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It is based on the The Antiracist Bookshelf guide at William & Mary, the Anti-racism guide at University of Oregon, the Anti-Racism Resources Guide at CSU East Bay, and an article from the PBS News Hour.
Welcome! This Anti-Racism Playlist includes a selection of resources to help expand your awareness and knowledge of historical and current structural oppression in the United States. You'll also find information about anti-racism actions by various groups and organizations. These are just a few of the many books, films, podcasts and other resources available, so please get in touch with the library if you're looking for something more. Also, let us know if you have a suggestion to add to the Playlist.
Whether you're just starting to educate yourself about anti-racism or you're well-versed on the topic, hopefully you'll find something new to add to your journey of knowledge and personal action.
Let Amber Ruffin and Tarik Davis put you in the mood to learn about anti-racism.
Anti-racism: the active process of identifying and eliminating racism by changing systems, organizational structures, policies and practices and attitudes, so that power is redistributed and shared equitably (NAC International Perspectives: Women and Global Solidarity).
Intersectionality: Coined by Kimberlé Crenshaw, it is the theory that the overlap of various social identities (such as race, gender, sexuality, and class) contributes to the specific type of systemic oppression and discrimination experienced by an individual, and define how one is valued.
Institutional or Systemic Racism: refers specifically to the ways in which institutional policies and practices create different outcomes for different racial groups. The institutional policies may appear neutral on the surface but have an exclusionary impact on particular groups - their effect is to create advantages for white people and oppression and disadvantage for people from groups classified as non-white (Racial Equality Resource).
Historical Trauma: first coined by Maria Yellow Horse Brave Heart, it is “a constellation of characteristics associated with massive cumulative group trauma across generations.” These experiences, shared by communities, can result in cumulative emotional and psychological wounds that are carried across generations (University of Minnesota Extension).
Lived Experience: used to describe the first-hand accounts and impressions of living as a member of a minority or oppressed group (Geek Feminist Wiki).
Model Minority Myth: The term “model minority” has often been used to refer to a minority group perceived as particularly successful, especially in a manner that contrasts with other minority groups. The term could, by its definition and logic, be applied to any number of groups defined by any number of criteria, but it is perhaps most commonly used to frame discussions of race. In particular, the model minority designation is often applied to Asian Americans, who, as a group, are often praised for apparent success across academic, economic, and cultural domains—successes typically offered in contrast to the perceived achievements of other racial groups (The Model Minority Myth, Harvard Law School).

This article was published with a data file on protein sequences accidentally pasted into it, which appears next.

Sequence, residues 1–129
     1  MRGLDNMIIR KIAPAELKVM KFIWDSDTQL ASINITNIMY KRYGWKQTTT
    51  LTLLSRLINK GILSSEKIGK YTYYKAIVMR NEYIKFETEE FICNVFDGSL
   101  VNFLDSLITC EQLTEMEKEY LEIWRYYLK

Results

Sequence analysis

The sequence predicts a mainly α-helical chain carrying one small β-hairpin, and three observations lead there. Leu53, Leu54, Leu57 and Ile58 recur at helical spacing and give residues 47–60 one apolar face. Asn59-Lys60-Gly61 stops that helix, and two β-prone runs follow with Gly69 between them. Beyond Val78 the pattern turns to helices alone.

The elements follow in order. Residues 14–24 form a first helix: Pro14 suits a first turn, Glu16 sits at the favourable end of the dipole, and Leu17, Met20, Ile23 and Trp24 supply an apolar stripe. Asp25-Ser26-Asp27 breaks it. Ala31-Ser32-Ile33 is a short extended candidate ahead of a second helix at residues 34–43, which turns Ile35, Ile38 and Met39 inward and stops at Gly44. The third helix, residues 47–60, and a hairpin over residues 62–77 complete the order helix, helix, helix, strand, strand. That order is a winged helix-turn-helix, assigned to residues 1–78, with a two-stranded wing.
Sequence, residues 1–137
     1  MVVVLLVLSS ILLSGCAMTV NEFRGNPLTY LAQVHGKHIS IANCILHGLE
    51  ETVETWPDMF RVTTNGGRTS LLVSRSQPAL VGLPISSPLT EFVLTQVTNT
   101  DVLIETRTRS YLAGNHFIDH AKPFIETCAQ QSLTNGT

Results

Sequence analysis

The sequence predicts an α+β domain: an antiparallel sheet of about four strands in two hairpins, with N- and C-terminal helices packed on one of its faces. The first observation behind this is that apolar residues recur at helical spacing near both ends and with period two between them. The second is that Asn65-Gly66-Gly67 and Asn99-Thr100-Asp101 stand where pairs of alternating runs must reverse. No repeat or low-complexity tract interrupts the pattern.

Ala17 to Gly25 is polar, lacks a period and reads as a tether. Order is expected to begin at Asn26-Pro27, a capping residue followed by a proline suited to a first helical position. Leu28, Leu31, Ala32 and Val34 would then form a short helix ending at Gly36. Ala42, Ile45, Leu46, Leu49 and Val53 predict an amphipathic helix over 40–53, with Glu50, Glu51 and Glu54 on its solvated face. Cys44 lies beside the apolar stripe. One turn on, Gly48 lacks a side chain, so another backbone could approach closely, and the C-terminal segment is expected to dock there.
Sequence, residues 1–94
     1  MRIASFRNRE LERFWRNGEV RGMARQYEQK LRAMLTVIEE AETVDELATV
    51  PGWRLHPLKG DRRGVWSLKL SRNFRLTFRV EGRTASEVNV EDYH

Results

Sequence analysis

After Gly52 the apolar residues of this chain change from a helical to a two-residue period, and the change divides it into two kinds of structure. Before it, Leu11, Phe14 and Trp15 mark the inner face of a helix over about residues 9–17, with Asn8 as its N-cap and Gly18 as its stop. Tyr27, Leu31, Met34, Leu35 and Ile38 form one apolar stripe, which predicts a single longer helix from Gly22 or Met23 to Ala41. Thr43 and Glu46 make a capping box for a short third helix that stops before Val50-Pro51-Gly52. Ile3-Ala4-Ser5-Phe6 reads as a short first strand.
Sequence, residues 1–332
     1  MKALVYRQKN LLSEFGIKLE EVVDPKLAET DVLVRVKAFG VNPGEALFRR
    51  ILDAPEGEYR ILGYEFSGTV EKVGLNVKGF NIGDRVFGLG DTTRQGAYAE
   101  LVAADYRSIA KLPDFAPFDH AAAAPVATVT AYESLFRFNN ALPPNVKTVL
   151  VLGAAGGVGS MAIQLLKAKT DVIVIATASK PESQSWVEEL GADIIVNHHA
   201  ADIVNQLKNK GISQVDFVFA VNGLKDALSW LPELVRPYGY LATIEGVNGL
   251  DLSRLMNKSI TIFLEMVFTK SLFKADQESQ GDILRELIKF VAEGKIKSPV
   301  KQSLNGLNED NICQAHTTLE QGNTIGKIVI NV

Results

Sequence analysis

Racism: a complex system of beliefs and behaviors, grounded in a presumed superiority of the white race. These beliefs and behaviors are conscious and unconscious; personal and institutional; and result in the oppression of people of color and benefit the dominant group, white people. A simpler definition is racial prejudice + power = racism (National Conference for Community and Justice).
Reparations: Reparations are many things. The dictionary definition of reparations are actions which are taken to "make amends, offering atonement, or giving satisfaction for a wrong or injury." This is not a new concept. In 1988, the US paid reparations to each surviving victim of Japanese descent who was imprisoned in concentration camps during WWII. In 1996, leaders in South Africa paid monetary compensation to apartheid victims. They also made efforts to redistribute white-own land. In 2020, the city of Asheville, NC voted to enact reparations by investing in their Black community. (Merriam Webster Dictionary; @soyouwanttotalkabout)
Whiteness: Racism is based on the concept of whiteness—a powerful fiction enforced by power and violence. ‘Whiteness,’ like ‘color' and ‘Blackness,' are essentially social constructs applied to human beings rather than veritable truths that have universal validity. Whiteness is a constantly shifting boundary separating those who are entitled to have certain privileges from those whose exploitation and vulnerability to violence is justified by their not being white (Kivel, 1996, p. 19) & (Henry & Tator, 2006, p. 46-47).
White Privilege: The unquestioned and unearned set of advantages, entitlements, benefits and choices bestowed upon people solely because they are white. Generally white people who experience such privilege do so without being conscious of it (Peggy McIntosh – Racial Equality Resource).
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